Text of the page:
Over time, worry would have got cemented as a part of human character, each generation celebrating it as a unique facet of the human. Though the original reason for institution of the same would have got lost on the way, as generations went by, worry continues to remain an integral part of the human, thanks to the persistent nature of things. (Which is understandable, for even in this age of language and writing, it is not very easy to get rid of crazy ideas from the past or prevent genuine ones from fading to oblivion)
Thus, as we continued to overcome the dangers, the earlier days posed, the propensity to worry kept on looking for new outlets. As a result, worry has become a part of human life, though no other form is affected by it. Even if we take certain peculiar expression seen among other species as those of anguish, there is no instance of such expressions causing disruption to any activity of life.
But my feeling is that we need not consider worry as a specific issue and prevent manifestations of its volatile nature. In which case, it will occur at diminishing intervals as the need for reflexive reactions dwindle, while human life progress towards the better.


Thursday, December 19, 2019

Democratic governance will likely fail unless a country’s citizens have already adopted values that accompany democracy..  This is ever more significant these days, when great democracies face significant threat internally.
https://www.sciencenews.org/article/installing-democracies-may-not-work-without-prior-cultural-shifts

Saturday, December 7, 2019

Book Review: The Critique of Practical Reason


Book Review: The Critique of Practical Reason - Immanuel Kant
The book begins with a brief exposition of the ‘theoretical use of reason’. How, the primary role played by reason is for understanding things well. Which leads to instances where reason crosses its limits, and could get lost in meaningless or contradictory notions, while giving no indication of anything amiss. ‘Clearly’, the author states, ‘this is different from the practical use of reason’.
The book then goes on to explain the principles of practical reason, the primary one of which is that these are subjective or objective, as the situations demand. The next principle stipulates that practical reason is always founded on empirical data, like the relevance or effectiveness of a pain being solidly linked to the current state, the subject happens to be in.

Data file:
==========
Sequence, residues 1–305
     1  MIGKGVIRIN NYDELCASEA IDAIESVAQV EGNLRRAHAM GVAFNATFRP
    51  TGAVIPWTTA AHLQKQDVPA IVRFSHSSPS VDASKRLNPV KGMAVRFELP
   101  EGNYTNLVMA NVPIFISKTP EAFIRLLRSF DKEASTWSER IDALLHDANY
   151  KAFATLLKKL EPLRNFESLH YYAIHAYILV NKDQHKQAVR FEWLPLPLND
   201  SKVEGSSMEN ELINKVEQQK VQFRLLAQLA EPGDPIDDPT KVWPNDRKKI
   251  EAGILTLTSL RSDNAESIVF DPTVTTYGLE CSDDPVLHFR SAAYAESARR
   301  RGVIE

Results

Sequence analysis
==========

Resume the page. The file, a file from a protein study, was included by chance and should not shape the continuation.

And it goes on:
Then comes the cases where we consider pure reason and practical reason as one and the same. In fact moral law is nothing but a codified summary of all such instances, the book states. Thus, morality essentially is practical reason independent of the subjects. Not only that, the ideas we entertain in respect of god, god’s word, soul, and immortality, are also relevant only within the confines of moral law.
The book then goes on to examine the significance of reason in our day to day activities. Quite a few interesting observations are shown here. Like, it is a common sight to see people extolling actions that display a great, unselfish, and sympathetic mind. But, by giving too much attention to ‘elevating the soul’, and too little to ‘adherence to duty’, societies are missing, the good they could get, and the message, that could deliver to all.
The book concludes with a description of the pitfalls, practical reason always face. ‘Admiration and respect’, something a very welcome from anyone, ‘instead of exciting one to inquiry, is effectively stopping one’s growth by supplying the want of it’. Just as the study into ‘the fall of a stone’, or ‘the motion of a sling’ helped us in resolving many difficult questions of the study of forces of nature, an inquiry into the areas of moral judgement and reason can prevent us from going astray.
Excellent thoughts. Firstly it makes clear, how the nonstop articulation and deduction, many a time, contradictory, shown by quite a few among us could be simply ignored as ‘reason crossing its limits’. What is now becoming popular, I think thanks to the success of object oriented computer programming, is to have an object oriented view on all aspects of life. Which incidentally is what this book advocated, years back.